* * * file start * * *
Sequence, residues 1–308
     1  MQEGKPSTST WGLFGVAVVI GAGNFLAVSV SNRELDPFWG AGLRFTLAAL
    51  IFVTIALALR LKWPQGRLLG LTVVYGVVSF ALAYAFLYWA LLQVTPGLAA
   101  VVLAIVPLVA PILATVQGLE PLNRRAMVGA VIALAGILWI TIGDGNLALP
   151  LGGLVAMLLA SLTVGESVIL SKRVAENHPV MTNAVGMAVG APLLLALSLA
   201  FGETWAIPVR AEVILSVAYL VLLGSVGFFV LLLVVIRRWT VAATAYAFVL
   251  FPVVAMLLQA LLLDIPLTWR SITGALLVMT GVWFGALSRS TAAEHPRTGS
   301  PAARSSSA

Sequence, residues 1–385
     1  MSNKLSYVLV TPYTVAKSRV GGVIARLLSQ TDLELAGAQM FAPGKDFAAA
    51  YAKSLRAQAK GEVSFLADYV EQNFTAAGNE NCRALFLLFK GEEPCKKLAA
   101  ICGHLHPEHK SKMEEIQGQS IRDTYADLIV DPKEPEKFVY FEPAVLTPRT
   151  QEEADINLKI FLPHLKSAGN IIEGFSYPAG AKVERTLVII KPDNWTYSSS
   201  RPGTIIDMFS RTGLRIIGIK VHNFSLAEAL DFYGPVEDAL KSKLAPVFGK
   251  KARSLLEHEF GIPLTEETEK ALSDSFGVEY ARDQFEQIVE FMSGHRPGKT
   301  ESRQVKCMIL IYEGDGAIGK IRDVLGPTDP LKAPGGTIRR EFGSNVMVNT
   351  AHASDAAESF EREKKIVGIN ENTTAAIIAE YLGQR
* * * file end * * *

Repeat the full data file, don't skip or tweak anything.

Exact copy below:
Sequence, residues 1–308
     1  MQEGKPSTST WGLFGVAVVI GAGNFLAVSV SNRELDPFWG AGLRFTLAAL
    51  IFVTIALALR LKWPQGRLLG LTVVYGVVSF ALAYAFLYWA LLQVTPGLAA
   101  VVLAIVPLVA PILATVQGLE PLNRRAMVGA VIALAGILWI TIGDGNLALP
   151  LGGLVAMLLA SLTVGESVIL SKRVAENHPV MTNAVGMAVG APLLLALSLA
   201  FGETWAIPVR AEVILSVAYL VLLGSVGFFV LLLVVIRRWT VAATAYAFVL
   251  FPVVAMLLQA LLLDIPLTWR SITGALLVMT GVWFGALSRS TAAEHPRTGS
   301  PAARSSSA

Sequence, residues 1–385
     1  MSNKLSYVLV TPYTVAKSRV GGVIARLLSQ TDLELAGAQM FAPGKDFAAA
    51  YAKSLRAQAK GEVSFLADYV EQNFTAAGNE NCRALFLLFK GEEPCKKLAA
   101  ICGHLHPEHK SKMEEIQGQS IRDTYADLIV DPKEPEKFVY FEPAVLTPRT
   151  QEEADINLKI FLPHLKSAGN IIEGFSYPAG AKVERTLVII KPDNWTYSSS
   201  RPGTIIDMFS RTGLRIIGIK VHNFSLAEAL DFYGPVEDAL KSKLAPVFGK
   251  KARSLLEHEF GIPLTEETEK ALSDSFGVEY ARDQFEQIVE FMSGHRPGKT
   301  ESRQVKCMIL IYEGDGAIGK IRDVLGPTDP LKAPGGTIRR EFGSNVMVNT
   351  AHASDAAESF EREKKIVGIN ENTTAAIIAE YLGQR